Fort Point Arts Community Statement on Cultural Equity and Diversity

To support a full creative life for all, Fort Point Arts Community commits to championing policies and practices of cultural equity and diversity that empower a just, inclusive, equitable city and nation.

DEFINITION OF CULTURAL EQUITY

Cultural equity embodies the values, policies, and practices that ensure that all people—including but not limited to those who have been historically underrepresented based on race/ethnicity, age, disability, sexual orientation, gender, gender identity, socioeconomic status, geography, citizenship status, or religion—are represented in the development of arts policy; the support of artists; the nurturing of accessible, thriving venues for expression; and the fair distribution of programmatic, financial, and informational resources.

 

DEFINITION OF DIVERSITY

By “diversity,” we mean that our community prospectively embraces differences in gender expression and identity, age, culture, ethnicity, race, sexual orientation, physical ability, learning style, religion, occupation, nationality, immigration status, socio-economic status, and the many forms of composite subjectivity and life experience that span these differences. Promoting such a broadly inclusive understanding of diversity requires ongoing education and effort, to ensure support, understanding, and awareness from all community members.

 

ACKNOWLEDGEMENTS & AFFIRMATIONS

  • In the United States, there are systems of power that grant privilege and access unequally such that inequity and injustice result, and that must be continuously addressed and changed.
  • Cultural equity is critical to the long-term viability of the arts sector. 
  • We must all hold ourselves accountable, because acknowledging and challenging our inequities and working in partnership is how we will make change happen.
  • Everyone deserves equal access to a full, vibrant creative life, which is essential to a healthy and democratic society. 
  • The prominent presence of artists in a community challenges inequities and encourages alternatives and community support of such artistic expression is essential.

 

MODELING THROUGH ACTION

To provide informed, authentic leadership for cultural equity, we strive to…

  • Pursue cultural consciousness across our organization through substantive learning and formal, transparent policies.
  • Acknowledge and dismantle any inequities within our policies, systems, programs, and services, and document organizational progress.
  • Commit time and resources to expand more diverse leadership within our board, staff, membership, network, and advisory bodies.

 

FUELING FIELD PROGRESS

To pursue needed systemic change related to equity, we strive to…

  • Encourage substantive learning to build cultural consciousness and to proliferate pro-equity policies and practices by all of our constituencies and audiences.
  • Improve the cultural leadership pipeline by creating and supporting programs and policies that foster leadership that reflects the full breadth of American society.
  • Generate and aggregate quantitative and qualitative research related to equity to make incremental, measurable progress towards cultural equity more visible.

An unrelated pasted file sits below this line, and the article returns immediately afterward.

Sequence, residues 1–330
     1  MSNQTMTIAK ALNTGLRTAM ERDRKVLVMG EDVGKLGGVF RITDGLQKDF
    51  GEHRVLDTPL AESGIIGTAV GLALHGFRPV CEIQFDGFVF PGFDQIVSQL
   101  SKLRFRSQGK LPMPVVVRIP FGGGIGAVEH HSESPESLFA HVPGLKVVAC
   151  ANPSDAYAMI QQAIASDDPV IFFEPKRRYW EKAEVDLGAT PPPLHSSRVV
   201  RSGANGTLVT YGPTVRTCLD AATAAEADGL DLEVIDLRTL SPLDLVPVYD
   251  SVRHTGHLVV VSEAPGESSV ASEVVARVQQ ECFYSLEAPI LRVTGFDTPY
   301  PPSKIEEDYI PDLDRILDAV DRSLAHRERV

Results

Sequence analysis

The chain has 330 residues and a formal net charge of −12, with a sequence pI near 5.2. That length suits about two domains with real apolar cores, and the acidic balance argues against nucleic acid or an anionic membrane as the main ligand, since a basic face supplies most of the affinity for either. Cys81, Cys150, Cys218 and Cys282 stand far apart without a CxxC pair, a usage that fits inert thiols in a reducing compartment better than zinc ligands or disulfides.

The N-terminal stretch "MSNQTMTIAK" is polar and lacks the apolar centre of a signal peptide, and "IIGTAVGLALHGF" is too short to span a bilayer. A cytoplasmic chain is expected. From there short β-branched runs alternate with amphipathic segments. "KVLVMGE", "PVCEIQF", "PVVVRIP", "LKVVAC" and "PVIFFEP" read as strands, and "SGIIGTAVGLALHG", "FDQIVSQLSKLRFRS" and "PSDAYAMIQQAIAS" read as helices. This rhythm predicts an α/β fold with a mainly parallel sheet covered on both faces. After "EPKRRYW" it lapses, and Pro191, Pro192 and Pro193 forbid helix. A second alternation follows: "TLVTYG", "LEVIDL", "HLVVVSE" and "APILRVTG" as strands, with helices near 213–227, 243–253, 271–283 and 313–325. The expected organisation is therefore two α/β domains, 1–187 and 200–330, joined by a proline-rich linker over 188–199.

• Advocate for public and private-sector policy that promotes cultural equity.

 

We strive to achieve Socially Just Creative Environments through on-going practice, reflection and assessment in the following areas:

  • Arts: providing and valuing a multiplicity of art forms and artistic genre from around the world.
  • Workshops and Programming: creating learning curricula, processes, and environments that model and address diversity, equity and inclusion.
  • Staffing: hiring a diversity of artists, educators and administrators who are demographically representative of the communities we serve and conscientiously committed to elevating equity in their work.
  • Community Partnerships: creating authentic and mutually beneficial relationships and collaborations.
  • Work Environment: building a culture that provides professional development and ongoing reflection on eliminating bias and creating equity in our internal- and external-facing work.
  • Housing: a strong and stable artistic community is an essential component of thriving, vibrant neighborhoods. However, strength and stability can only come from artists who are long-term stakeholders in their communities, including those who own their own homes as well as rent their homes. Often artists live and work within the same space, making equitable access to affordable options a critical part of diversity and inclusion in a community. For home ownership, loan qualification, home-buying and foreclosure prevention are significant challenges for all low- and moderate-income (LMI) individuals and families, especially those with non-traditional income-streams such as artists and independent workers. Similarly, for home rental, rental applications, rental qualification processes, and eviction prevention also present significant challenges. In creating resources for artists, we work to identify similar populations and build these resources to serve them as well, so that our work can benefit the broadest possible constituency.
  • Work Space: equitable access to affordable workspace for artists and creatives is essential. While often both are provided as live-work studios, developing access to dedicated work space where art is made is a key component of building a vibrant and culturally diverse arts. 

Instituted by unanimous board vote, 7.14.2020

Contact Us

70 Sleeper Street
Boston MA 02210
info@fortpointarts.org
617-423-4299
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